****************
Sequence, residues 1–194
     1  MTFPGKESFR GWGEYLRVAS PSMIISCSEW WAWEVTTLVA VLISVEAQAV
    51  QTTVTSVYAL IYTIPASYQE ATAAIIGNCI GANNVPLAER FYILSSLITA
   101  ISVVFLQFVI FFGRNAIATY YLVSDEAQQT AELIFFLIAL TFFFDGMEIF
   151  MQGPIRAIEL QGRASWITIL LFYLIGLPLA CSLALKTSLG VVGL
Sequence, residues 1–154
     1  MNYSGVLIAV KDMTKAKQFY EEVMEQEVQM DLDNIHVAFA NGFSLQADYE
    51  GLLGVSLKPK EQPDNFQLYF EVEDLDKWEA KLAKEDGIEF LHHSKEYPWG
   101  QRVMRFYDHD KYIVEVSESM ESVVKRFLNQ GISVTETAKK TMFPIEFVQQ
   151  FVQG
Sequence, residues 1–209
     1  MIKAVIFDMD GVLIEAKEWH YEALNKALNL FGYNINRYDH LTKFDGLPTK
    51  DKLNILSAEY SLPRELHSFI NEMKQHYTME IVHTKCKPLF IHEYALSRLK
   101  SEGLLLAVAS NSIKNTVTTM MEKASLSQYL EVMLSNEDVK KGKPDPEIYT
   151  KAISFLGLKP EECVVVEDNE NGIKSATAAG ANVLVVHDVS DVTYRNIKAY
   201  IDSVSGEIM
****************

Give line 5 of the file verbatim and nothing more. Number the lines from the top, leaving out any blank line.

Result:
   151  MQGPIRAIEL QGRASWITIL LFYLIGLPLA CSLALKTSLG VVGL